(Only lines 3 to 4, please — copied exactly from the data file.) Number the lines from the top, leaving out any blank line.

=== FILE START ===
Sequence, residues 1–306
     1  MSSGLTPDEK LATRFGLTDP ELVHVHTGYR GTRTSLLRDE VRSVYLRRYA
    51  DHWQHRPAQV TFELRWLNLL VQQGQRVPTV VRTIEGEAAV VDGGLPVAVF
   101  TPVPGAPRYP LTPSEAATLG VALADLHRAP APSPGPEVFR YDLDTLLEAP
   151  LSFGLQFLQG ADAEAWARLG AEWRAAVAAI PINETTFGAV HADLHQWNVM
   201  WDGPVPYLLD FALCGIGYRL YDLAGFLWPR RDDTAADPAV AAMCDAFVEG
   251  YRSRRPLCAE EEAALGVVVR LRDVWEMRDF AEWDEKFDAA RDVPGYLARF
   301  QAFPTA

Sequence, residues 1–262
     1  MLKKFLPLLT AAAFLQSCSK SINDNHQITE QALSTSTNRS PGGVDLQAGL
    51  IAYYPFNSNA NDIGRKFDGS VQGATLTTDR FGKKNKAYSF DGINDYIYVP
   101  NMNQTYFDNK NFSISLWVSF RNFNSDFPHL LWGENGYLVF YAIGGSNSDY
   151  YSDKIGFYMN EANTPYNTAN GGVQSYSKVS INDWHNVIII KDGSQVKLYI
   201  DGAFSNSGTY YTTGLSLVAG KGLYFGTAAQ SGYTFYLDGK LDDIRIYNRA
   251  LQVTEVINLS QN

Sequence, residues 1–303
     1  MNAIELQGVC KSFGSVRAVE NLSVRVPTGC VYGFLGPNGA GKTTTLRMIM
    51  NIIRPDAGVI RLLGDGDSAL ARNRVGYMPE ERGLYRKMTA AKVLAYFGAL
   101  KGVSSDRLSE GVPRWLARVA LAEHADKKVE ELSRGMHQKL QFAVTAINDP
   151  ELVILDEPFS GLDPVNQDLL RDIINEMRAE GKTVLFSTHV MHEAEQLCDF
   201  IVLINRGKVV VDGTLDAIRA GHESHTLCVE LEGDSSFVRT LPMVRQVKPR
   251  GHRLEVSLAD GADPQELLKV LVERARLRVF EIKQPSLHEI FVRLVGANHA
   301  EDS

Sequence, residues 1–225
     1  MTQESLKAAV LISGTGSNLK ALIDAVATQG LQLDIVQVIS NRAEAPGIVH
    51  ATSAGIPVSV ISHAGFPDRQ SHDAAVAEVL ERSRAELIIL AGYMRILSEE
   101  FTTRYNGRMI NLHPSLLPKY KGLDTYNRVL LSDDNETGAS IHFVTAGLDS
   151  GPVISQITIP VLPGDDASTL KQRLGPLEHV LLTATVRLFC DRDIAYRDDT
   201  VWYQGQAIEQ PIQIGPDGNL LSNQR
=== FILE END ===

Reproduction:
    51  DHWQHRPAQV TFELRWLNLL VQQGQRVPTV VRTIEGEAAV VDGGLPVAVF
   101  TPVPGAPRYP LTPSEAATLG VALADLHRAP APSPGPEVFR YDLDTLLEAP